You’re reading an excerpt of Stop Asking Questions, by Andrew Warner, a veteran podcast host of 2000+ episodes. The book explains how to lead high-impact interviews and learn anything from anyone. Master the craft of interviewing with this complete digital package. Purchase now for lifetime access to the book and extensive audio and video resources.
When you’re just starting out as an interviewer, it’s hard to get guests. When you’re established, it’s hard to turn down guests. But if you say “yes” to every request because you’re too scared to say no, your quality will inevitably dip. And your audience will notice.
As tough as it is, you have to learn to turn down interview requests. I’ll show you the right way to say no and help you avoid the wrong ways.
For years I turned people down the wrong way. I once got on a call with a prospective guest because a mutual friend asked me to consider him. He was a nice guy, but I quickly knew I didn’t want to interview him. His company was too new. He hadn’t done much yet. And frankly, I just wasn’t curious enough about him. So I told him, “I’m sorry, but your company is too new. I can’t do this interview, but I’d love to have you on when your company grows a bit.”
I thought I was clear, and we’d just move on. He didn’t want to. “As a listener, I can tell you that you need to feature more new companies,” he said.
I should have known he wouldn’t back off. People in promotion mode tend to be persistent. If they’re not, their startups could die. So he kept pushing. The more I explained myself to him, the more I could feel him digging in his heels. This went on for several minutes. It was exhausting for both of us.
Here’s a key lesson I’ve learned from the entrepreneurs I’ve interviewed: if a problem comes up multiple times, you need to systemize a solution. So I started hunting for a solution to my problem of saying no to unqualified guests. That’s when it hit me.
In Part I, you learned how to communicate difficult information by putting the words in someone else’s mouth. This same technique can be used to say no. The next time an unqualified guest asked to be interviewed, I told them, “I admire what you have planned for your company, but when I interview founders of smaller companies, my audience complains and sends me angry emails. It’s not worth it for you and me to get that kind of treatment.”
That solved it. And it’s the truth. Whenever I interview founders who don’t fit the mold—whether they’re too small, too big, or not founders at all—my fans let me have it. They honestly have higher standards than me.
Occasionally, I’ll be sheepish about using the technique, like the time I talked with a public relations rep of a venture capital firm that wanted to be on my podcast. The firm was so helpful to me over the years that I didn’t want to give her a systemized answer, so I explained all the reasons the interview wasn’t right for me. She offered a counter argument for each of my reasons.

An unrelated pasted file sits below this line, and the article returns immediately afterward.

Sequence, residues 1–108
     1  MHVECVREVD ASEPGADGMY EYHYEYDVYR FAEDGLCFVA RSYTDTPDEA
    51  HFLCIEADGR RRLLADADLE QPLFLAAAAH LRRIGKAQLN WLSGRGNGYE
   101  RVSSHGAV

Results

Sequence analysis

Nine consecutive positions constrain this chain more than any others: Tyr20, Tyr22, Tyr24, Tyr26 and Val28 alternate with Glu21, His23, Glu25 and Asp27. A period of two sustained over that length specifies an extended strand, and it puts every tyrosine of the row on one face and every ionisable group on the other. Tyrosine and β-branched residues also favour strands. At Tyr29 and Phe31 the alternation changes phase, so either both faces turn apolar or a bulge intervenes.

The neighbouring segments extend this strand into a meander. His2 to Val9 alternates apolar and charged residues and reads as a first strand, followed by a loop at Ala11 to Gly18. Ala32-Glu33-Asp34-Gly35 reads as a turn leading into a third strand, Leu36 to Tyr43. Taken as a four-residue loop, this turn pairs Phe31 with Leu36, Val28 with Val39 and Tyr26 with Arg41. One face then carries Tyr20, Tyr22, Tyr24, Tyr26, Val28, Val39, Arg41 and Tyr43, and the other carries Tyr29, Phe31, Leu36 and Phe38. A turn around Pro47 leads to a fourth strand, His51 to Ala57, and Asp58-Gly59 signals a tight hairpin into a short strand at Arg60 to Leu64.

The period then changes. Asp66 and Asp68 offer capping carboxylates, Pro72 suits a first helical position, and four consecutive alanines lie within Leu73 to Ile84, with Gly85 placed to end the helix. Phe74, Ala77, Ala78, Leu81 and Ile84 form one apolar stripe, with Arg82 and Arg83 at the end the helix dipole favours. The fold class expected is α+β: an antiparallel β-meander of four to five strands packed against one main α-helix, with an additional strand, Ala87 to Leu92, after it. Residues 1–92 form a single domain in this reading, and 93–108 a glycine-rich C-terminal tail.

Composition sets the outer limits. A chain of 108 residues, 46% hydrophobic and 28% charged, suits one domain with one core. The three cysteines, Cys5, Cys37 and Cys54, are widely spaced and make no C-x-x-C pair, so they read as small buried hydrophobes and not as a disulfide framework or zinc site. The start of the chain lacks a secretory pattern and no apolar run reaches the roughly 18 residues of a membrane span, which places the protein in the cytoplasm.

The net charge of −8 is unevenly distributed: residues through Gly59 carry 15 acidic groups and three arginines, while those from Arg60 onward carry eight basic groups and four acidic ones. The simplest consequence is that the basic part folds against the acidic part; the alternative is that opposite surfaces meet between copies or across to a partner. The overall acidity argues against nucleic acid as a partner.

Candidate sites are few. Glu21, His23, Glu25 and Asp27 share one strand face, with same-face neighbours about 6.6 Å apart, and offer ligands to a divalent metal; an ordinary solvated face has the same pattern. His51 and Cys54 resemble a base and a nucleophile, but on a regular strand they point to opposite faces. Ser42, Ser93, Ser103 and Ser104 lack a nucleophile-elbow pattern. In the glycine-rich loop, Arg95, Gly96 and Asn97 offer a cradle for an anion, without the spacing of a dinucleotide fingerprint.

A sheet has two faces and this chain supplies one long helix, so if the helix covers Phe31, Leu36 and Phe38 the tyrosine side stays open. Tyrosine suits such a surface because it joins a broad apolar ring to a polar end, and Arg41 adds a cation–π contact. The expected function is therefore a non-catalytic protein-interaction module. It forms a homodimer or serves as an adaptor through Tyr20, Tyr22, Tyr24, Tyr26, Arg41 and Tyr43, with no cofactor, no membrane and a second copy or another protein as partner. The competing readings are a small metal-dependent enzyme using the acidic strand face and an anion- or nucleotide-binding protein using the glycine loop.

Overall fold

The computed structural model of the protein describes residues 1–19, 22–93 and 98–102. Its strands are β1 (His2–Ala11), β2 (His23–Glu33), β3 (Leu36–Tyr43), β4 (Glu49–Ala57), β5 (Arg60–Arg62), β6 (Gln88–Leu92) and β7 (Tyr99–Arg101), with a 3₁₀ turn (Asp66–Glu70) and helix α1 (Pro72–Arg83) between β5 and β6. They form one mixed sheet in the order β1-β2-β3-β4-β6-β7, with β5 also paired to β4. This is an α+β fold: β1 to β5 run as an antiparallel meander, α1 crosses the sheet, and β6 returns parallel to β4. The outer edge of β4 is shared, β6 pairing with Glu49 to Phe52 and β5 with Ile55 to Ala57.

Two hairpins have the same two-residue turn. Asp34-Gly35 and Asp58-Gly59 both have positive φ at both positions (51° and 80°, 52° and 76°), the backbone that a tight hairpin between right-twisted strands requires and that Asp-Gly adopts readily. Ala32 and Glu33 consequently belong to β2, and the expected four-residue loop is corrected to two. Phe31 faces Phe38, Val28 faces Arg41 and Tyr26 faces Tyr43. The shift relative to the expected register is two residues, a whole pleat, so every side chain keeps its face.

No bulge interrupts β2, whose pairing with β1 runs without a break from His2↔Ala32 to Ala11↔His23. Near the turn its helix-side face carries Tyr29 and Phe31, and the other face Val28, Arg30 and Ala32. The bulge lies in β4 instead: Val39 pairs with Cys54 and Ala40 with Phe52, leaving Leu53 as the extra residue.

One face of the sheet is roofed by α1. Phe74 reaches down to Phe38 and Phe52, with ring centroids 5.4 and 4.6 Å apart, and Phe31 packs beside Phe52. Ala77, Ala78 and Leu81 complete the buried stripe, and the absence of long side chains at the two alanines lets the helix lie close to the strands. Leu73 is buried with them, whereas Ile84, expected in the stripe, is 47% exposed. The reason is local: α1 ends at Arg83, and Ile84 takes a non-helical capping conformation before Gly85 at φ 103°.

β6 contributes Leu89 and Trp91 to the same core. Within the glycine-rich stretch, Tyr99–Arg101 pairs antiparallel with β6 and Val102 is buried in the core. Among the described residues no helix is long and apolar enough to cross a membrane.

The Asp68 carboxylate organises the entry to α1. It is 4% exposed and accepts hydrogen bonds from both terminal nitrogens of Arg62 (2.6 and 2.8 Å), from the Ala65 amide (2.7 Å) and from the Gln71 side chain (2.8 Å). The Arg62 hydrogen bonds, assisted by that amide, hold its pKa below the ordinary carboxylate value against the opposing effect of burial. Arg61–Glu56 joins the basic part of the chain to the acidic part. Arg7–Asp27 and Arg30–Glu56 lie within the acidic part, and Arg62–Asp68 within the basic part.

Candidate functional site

Finally, I said, “In recent years my audience has complained when I feature investors instead of entrepreneurs.”
She said, “My client wouldn’t want that. Let’s not push it.”
Sometimes, you want to tell your guest why you’re turning them down and give them a chance to correct your information. I’ve turned down founders whose businesses didn’t seem big enough, only to be proven comically wrong when they show me their financial dashboards via screen share. But when it’s time to say no, depersonalize it. Put the rejection in someone else’s mouth. Tell them who, other than you, would have a problem with the interview and why.
If you don’t have a big, vocal audience to blame when you’re turning down a guest, look for someone else. Did you promise your sponsor you’d focus on a certain type of guest? Say so. Does the interview fall outside of your commitment to your boss or someone else? Say it.
If there’s no one else to point to, blame your higher purpose and guidelines. Even this will depersonalize the rejection and take some of the sting out of it. What you need is an outside force that will eliminate resentment and end arguments.
Promotional techniques change constantly and are best left to marketers to teach. But there’s one approach that’s unique to interviewing and vital to mention: get help from your guests to promote your interviews.
Guest promotion can be varied and unpredictable. When I interviewed Paul Graham about how he launched Y Combinator, one of Silicon Valley’s most prestigious startup incubators, his firm featured my episode on their homepage for months. Vishen Lakhiani, founder of Mindvalley, the online education company, used Facebook ads to promote his interview and drove traffic to my site. But most guests don’t do anything to promote their interviews with me.
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